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Saturday, January 13, 2018
I attended the Dharma Drum Vancouver New Year Young People Event with the hopes of starting 2018 off on a positive start, and get a chance to meet new people who have similar interests in Buddhism, meditation and spreading compassion in the world.


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I attended the Dharma Drum Vancouver New Year Young People Event with the hopes of starting 2018 off on a positive start, and get a chance to meet new people who have similar interests in Buddhism, meditation and spreading compassion in the world.
It was my pleasure to join the event held by DDYP (Dharma Drum for Young People) at Chan Meditation Center for the Buddha Nature in Food- Part II. DDYP invited an experienced nutritionist, Iraina, to share her professional knowledge about helping those people with nutrition and health issues.
The summer of 2017 has become the most memorable summer of my life thanks to the one-month visit to the Dharma Drum Vancouver Center (DDVC). I’ve been living on the DILA campus for the past two years and I thought that I really understood what sangha life really is. It had never occurred to me how hard it could be for a foreign religion like Buddhism to survive or struggle to prosper in a foreign context, even though I knew that it was even more difficult in ancient times when most people were conservative or illiterate and resisted things alien to what they already knew.
As part of this year’s high school summer camp (生命美學研習營), I gave a talk entitled “A Westerner’s Perspective on Eastern Religious Traditions and Education” (歐美人士眼中的東方宗教傳統與教育). In order to give the audience some insight into my own personal background, I decided to dedicate the first segment of the talk to introducing the young Taiwanese high school students to some key facts about the religious landscape of modern Western countries.
In May, 2015, I had the chance to attend a nine-day Chan meditation retreat of DDM. I never went to any retreats before and just have a couple of months experience in the Chan practice, so when I first arrived I felt quite nervous and had no idea what was waiting for me.




Saturday November 4th patrons of Dharma Drum Vancouver Centre were blessed to hear a dharma talk from Abbot President Venerable Guo Dong. The turnout was amazing, with chairs spilling out into the lobby and the dining hall at the back. The subject of the talk was a timely one, something that everyone could relate to, namely, how to communicate and get along across generational and cultural lines.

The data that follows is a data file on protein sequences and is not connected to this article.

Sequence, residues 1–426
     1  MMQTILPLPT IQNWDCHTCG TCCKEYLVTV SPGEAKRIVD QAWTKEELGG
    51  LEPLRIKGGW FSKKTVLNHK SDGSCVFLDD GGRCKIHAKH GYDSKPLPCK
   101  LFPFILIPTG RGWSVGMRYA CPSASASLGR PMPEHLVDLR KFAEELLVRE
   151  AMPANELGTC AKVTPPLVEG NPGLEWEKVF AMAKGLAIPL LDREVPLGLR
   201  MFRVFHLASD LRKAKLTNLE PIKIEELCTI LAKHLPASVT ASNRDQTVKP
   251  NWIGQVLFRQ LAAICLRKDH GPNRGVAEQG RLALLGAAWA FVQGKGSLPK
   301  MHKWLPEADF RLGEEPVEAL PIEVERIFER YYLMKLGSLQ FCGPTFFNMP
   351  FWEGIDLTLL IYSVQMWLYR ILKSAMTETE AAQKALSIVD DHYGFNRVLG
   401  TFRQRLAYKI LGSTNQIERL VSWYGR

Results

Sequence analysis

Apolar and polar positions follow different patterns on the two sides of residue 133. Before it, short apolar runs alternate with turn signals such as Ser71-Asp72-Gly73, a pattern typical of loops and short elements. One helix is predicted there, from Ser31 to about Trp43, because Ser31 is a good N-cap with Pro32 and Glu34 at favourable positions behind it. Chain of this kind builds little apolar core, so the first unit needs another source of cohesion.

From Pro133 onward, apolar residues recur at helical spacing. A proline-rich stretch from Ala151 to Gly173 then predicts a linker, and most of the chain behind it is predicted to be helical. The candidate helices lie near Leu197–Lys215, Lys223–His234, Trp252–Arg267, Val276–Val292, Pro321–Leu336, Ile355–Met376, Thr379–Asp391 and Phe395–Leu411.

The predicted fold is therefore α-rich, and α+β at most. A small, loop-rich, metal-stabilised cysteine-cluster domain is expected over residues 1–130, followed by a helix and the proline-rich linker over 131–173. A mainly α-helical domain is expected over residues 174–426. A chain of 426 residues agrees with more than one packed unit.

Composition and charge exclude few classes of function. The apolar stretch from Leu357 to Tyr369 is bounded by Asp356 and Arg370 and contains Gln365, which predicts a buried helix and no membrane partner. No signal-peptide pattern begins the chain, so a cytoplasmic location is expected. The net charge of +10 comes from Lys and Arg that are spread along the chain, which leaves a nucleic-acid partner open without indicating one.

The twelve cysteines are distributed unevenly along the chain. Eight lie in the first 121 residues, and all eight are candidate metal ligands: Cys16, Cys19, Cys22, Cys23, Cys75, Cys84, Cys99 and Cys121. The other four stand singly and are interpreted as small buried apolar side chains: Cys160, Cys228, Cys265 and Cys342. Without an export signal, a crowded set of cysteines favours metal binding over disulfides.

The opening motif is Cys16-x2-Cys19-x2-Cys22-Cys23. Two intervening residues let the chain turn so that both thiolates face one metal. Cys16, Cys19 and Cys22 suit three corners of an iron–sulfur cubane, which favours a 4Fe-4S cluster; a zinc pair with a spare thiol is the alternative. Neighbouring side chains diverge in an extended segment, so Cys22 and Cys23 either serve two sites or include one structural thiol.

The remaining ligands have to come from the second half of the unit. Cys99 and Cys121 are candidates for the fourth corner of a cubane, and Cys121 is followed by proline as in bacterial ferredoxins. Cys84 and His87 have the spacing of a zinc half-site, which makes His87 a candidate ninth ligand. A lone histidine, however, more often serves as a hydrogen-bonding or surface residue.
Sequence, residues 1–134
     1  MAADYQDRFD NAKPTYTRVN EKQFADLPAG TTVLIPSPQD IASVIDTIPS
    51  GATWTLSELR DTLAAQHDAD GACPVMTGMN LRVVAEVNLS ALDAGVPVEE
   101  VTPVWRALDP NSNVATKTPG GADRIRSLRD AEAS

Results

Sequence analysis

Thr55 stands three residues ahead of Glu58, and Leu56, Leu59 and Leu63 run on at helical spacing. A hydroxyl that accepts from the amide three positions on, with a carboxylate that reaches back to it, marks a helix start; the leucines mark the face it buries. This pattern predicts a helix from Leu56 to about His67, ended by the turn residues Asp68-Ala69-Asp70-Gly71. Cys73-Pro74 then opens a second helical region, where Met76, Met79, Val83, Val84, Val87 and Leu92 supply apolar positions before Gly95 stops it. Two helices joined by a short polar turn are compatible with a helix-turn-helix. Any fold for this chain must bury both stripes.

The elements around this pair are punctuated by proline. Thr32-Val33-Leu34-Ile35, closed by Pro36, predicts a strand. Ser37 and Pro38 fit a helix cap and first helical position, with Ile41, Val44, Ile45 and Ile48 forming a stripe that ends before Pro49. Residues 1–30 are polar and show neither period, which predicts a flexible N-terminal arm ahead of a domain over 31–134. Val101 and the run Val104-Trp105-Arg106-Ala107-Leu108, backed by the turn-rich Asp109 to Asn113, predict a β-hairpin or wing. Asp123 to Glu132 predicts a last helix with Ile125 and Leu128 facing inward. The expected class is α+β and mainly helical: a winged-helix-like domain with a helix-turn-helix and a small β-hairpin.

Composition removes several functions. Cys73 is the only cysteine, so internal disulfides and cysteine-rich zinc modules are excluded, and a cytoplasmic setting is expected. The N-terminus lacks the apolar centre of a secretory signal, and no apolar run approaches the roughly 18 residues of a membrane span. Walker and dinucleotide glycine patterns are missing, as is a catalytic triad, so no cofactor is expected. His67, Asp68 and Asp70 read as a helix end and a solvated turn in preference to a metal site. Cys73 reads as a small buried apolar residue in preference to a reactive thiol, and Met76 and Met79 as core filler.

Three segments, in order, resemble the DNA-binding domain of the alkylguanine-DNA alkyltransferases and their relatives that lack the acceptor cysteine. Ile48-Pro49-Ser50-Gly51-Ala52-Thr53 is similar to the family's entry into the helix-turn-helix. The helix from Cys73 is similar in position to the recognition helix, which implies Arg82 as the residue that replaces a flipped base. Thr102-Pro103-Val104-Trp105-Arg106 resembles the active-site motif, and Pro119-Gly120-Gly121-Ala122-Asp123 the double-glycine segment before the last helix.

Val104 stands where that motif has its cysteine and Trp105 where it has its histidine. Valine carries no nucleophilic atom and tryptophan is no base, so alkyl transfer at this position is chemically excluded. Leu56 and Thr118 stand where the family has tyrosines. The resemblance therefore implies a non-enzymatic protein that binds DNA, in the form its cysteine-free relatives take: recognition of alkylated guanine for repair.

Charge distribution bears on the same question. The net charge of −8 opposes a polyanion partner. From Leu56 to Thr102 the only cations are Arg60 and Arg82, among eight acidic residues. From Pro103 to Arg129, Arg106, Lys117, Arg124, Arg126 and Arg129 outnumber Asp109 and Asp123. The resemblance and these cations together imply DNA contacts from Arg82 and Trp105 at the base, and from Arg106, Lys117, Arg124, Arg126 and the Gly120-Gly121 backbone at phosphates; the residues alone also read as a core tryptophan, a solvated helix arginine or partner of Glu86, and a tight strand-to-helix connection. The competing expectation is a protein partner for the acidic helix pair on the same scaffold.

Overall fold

On this Saturday afternoon (11/4/2017), we were so lucky to join the seminar of “Welcoming Little Bodhisattvas” led by Dr. Ya-Ning Amy Hsu at the Chan Meditation Center. As a modern well-educated scholar, Dr. Hsu has years of work experience and rigorous academic training in language education and child development. Also, she is a successful mother who has three children and has accumulated lots of parenting experiences from her own family. So this time, she gave us the wonderful talk and shared her experiences.
Part One: Memories with Dharma Drum Mountain (DDM)

Hugo is a psycholocial counsellor from Mainland China to study Counselling at NTNU. He was introduced by a western freind to come to International Meditation Group (IMG) to practice Chan Meditation and to get more connections with DDM. He had something to share on his experience during the past few years.
It had been my wish to attend a Chan retreat lasting more than 3 days for a long time. Finally, the moon, the stars, the sun and everything else in my life lined up perfectly. I was able to carve out some time and fly to Vancouver for the 5-day Outdoor Retreat. Here I will share some impressions of my experience from the retreat on Hornby Island from 9/10 - 9/14.


“I think the AC in the van stopped working.”
“It’s not field work unless the AC goes out.”


Mosquitos, sprained ankles, a car tire slipping off the edge of the road, and AC blowing out in the muggy Northern Taiwan climate are all part of a day’s work in the field. Over one hundred religious sites visited, and one week to go. During the Space and Cyberspace Workshop at DILA, three teams were tasked with recording pictures, video, and location data to create a special database of religious sites in the Jinshan and Shimen districts of Northern Taiwan. Faculty and student researchers from thirteen universities worldwide gathered at Dharma Drum Mountain from June 5th to June 16th to learn digital mapping techniques that will help them in a host of digital humanities projects. This workshop is at the cutting edge of research and combines real world field data with interactive mapping technology, bringing innovation to time honored techniques.
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